By: Shimon Brathwaite
July 7, 2021
10 Tips For Compliance With GDPR
By: Shimon Brathwaite
July 7, 2021
GDPR stands for General Data Protection Regulation, and it’s a privacy law created by the European Union (EU) that has become effective as of May 25th, 2018. GDPR was designed in response to a need for more significant data privacy protection for citizens of the European Union. As the internet has become more popular, statistics say that every day 2.5 quintillion bytes of data are created. Due to the popularity of social media websites, online shopping, gaming applications, and many other online services that make our lives easier, we give up much of our personal information. Namely, our addresses, credit card information, first and last name, and other unique identifiers can link the information back to individuals. Data protection laws like the GDPR are essential because they regulate how companies can collect and use consumer information.
GDPR for Businesses
From a business point of view, GDPR regulates how your business can collect and use consumer information. In particular, it focuses on collecting personally identifiable information (PII), which is any piece of information that can identify an individual. However, GDPR also affects all companies collecting data from EU citizens regardless of where they are. Failure to comply with GDPR requirements can result in fines of up to 20 million euros or up to 4% of the offending company’s total revenue. These consequences don’t include potential lawsuits by individual citizens who may have been negatively affected by any failure to comply with GDPR. It’s also important to note that GDPR holds the organization responsible for the actions of any third-party vendors. Under GDPR, the company that initially collects the information is the data controller, and any third party that you share the information with for processing is called the data processor. The data controller is responsible for their compliance and the compliance of the data processors.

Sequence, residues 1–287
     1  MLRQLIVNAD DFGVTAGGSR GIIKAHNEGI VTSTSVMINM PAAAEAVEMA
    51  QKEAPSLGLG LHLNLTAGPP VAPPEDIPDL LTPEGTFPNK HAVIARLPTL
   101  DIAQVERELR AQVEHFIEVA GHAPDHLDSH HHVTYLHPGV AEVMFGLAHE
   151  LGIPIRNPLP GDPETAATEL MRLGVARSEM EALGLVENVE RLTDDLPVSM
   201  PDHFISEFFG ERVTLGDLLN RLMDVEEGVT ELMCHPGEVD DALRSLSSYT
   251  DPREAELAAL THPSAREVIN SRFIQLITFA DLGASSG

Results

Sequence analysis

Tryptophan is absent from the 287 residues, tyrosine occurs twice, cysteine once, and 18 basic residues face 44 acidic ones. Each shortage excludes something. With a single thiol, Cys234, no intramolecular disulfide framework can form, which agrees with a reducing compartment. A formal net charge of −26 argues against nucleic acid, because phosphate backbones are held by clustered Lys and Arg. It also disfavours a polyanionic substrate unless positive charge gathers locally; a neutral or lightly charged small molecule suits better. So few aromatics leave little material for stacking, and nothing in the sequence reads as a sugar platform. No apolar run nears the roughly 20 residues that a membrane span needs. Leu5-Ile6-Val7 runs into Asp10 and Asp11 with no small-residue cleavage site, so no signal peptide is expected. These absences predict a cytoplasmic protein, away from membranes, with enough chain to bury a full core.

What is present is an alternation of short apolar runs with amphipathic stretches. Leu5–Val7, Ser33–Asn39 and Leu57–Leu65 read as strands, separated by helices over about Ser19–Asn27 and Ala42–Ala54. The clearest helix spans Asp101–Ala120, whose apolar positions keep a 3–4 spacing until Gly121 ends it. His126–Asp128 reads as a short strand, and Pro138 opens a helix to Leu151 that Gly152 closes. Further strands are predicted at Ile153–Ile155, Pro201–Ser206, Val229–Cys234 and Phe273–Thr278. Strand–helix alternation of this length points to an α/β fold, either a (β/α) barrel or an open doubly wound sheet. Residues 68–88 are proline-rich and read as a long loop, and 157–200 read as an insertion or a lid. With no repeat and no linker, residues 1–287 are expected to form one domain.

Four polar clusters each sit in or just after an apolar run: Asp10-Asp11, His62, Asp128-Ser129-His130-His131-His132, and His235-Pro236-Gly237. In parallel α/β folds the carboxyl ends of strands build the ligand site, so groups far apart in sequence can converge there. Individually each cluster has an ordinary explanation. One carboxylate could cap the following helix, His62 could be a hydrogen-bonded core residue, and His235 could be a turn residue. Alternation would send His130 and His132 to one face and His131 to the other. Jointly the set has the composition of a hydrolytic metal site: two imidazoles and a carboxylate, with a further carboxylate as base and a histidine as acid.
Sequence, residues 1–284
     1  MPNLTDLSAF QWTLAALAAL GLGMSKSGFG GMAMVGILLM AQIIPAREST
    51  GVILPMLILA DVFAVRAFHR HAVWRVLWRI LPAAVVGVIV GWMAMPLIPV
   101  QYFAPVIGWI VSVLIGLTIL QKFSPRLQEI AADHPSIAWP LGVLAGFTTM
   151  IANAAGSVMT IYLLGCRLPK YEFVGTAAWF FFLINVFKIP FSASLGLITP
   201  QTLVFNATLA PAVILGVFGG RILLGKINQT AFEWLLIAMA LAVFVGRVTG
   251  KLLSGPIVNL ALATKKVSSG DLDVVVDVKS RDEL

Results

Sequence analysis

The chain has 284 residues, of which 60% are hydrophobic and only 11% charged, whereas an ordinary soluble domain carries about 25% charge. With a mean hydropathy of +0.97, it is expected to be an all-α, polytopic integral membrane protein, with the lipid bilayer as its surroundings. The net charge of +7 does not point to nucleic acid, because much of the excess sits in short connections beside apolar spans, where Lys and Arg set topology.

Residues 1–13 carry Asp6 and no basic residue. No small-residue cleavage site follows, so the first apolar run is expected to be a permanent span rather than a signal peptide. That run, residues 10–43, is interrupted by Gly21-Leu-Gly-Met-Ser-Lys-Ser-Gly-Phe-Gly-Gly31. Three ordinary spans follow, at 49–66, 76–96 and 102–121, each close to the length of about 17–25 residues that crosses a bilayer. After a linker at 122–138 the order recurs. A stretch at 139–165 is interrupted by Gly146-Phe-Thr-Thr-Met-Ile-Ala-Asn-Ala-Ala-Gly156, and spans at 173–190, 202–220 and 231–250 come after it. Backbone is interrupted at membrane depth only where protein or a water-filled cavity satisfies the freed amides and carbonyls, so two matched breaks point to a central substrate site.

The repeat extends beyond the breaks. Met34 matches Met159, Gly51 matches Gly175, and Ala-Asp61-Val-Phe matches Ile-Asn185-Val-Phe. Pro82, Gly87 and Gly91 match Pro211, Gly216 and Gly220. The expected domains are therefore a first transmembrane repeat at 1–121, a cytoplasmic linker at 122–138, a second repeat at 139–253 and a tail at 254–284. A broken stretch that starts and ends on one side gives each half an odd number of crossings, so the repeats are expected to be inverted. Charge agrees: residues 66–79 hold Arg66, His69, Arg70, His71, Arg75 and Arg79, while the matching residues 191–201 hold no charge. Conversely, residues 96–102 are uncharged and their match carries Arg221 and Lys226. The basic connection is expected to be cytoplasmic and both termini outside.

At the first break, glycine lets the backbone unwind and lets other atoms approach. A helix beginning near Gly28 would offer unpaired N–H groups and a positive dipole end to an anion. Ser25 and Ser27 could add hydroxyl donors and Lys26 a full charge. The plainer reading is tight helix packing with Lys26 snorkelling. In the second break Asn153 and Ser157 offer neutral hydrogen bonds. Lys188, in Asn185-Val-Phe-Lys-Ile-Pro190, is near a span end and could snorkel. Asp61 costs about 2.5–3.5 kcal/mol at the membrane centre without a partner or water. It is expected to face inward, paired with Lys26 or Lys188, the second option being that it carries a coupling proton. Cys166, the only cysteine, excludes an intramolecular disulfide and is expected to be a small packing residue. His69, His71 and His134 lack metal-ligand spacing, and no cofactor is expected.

Tips for GDPR Compliance
Track the geographical location of your customers
Firstly, track where your customers are in the world. Next, you should identify EU citizens who fall under the protection of GDPR.
Always obtain consent
Your company must ask for consent in a clear way whenever you are collecting consumer information. Also, you can’t hide asking for permission in a terms and conditions agreement or any way that may be perceived as you trying to occult it. Additionally, when asking for consent, you should refrain from using complex language that a typical person may not understand or misinterpret. Lastly, your consumers should be able to withdraw their consent at any time during their transaction with your business.
When a data breach occurs, the business is responsible for notifying all affected customers or controllers within 72 hours. Data controllers are “the natural or legal persons, public authorities, agencies or other bodies which, alone or jointly with others, determine purpose and means of personal data processing.”
Provide customers with a data profile